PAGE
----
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Top Priorities for Supply Chain Executives
As competition grows more fierce, retailers must align planning decisions with demand—especially with the advent of online megaretailers that can combine competitive pricing with an extremely efficient supply chain.
"Retailers are asking, 'How can I push the needle by offering competitive pricing and flexibility in fulfillment while still maintaining solid margins?'," says Mike Johnson, solution director, Oracle Retail.
Single View of Demand
Demand is a moving target that is constantly affected by changes in pricing, promotions, assortment, and other factors. Retailers must combine these influences with historic data to create a truly informed forecast.
"To achieve this, you have to have single set of data all on a single platform, including financial planning, assortment planning, demand forecasting, supply planning, and supply chain execution," says Johnson.
With such a platform in place, retailers can achieve the high level of granularity they need to compete. "Then you can plan stock levels down to the individual product and location, not just for today but for any day into the future across your entire connected, multiechelon supply chain," adds Johnson.
Because Oracle combines this level of granularity with the industry's most advanced retail science, retailers can create truly optimized plans—all the way down to product, location, and day.
Proactive Supply Chain
Traditional retailers can leverage both their store and warehouse networks to fulfill customers in ways pure-play retailers can't—including store-pickup and traditional shopping transactions. The challenge is to maintain service levels and flexibility without driving up inventory costs.
"To achieve this, supply chain managers need to spend more time planning and less time troubleshooting problems," says Johnson. That's made possible when supply chain planning and replenishment are tightly integrated with demand planning—and driven by advanced retail science.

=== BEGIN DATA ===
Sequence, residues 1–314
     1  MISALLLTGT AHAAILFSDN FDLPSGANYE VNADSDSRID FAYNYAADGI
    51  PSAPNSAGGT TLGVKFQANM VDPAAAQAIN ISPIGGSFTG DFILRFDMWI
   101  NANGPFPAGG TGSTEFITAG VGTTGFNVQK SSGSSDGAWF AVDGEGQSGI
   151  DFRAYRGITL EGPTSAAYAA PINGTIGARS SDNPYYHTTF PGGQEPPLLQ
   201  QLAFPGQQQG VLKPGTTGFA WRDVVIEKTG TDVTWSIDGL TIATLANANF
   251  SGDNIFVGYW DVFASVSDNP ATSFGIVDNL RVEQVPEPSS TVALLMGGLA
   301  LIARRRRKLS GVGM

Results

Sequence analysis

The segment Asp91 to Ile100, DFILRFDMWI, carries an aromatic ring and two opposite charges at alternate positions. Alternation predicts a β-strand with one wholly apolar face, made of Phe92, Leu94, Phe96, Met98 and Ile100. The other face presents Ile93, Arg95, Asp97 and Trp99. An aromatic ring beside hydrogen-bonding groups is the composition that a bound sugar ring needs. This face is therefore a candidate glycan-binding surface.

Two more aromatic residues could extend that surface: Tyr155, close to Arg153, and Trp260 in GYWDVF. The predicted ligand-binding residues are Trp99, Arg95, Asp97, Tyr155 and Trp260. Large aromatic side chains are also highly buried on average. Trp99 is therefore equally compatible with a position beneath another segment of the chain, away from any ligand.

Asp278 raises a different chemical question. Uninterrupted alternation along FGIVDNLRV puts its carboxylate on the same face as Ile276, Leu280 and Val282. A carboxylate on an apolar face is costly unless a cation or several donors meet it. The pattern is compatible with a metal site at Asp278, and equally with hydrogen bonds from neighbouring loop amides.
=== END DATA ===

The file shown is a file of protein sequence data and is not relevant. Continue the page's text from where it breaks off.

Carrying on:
Oracle has a dedicated team of retail science experts charged with actively cultivating new science, from initial research through consultative offerings and all the way to packaged products. Academic partnerships, such as the one with the MIT Sloan School of Management, as well as with other universities, reinforce the strength of that science.
Return on Inventory Investment
Retail merchandisers face a never-ending challenge to maximize customer satisfaction while minimizing inventory costs. It is always a matter of give and take, and the decision-making process is necessarily complex.
Today's wide assortments and multiple touch points complicate matters even more. To maximize return on inventory investment, retailers need to take into account the unique characteristics of each channel or location.
"Retailers need multiple replenishment methods, inventory management techniques, and forecasting approaches," says Johnson.
Oracle Retail customers have saved US$3 billion in one-time supply chain inventory reductions, and inventory reduction benefits of 5 to 30 percent for many Oracle Retail customers. Oracle Retail customers are also experiencing profit improvements of 0.5 to 5 percent from increased sales, up to 5 percent improvement in productivity derived largely from offsetting the need to add staff as sales grow, 10 to 20 percent reductions in waste and spoilage, and up to a full percentage point improvement in gross margin. Contact Oracle Retail to learn more.
Learn more about the top priorities for supply chain executives. Read the Gartner, Inc. analysis of the competitive landscape for retail supply chain software, including market share analysis for retail supply chain planning and execution software. "Competitive Landscape: Target Transformational Software Opportunities Emerging in Retail." (3 January 2014 ID:G00255330, Analyst(s): Jeffrey Roster, Chad Eschinger)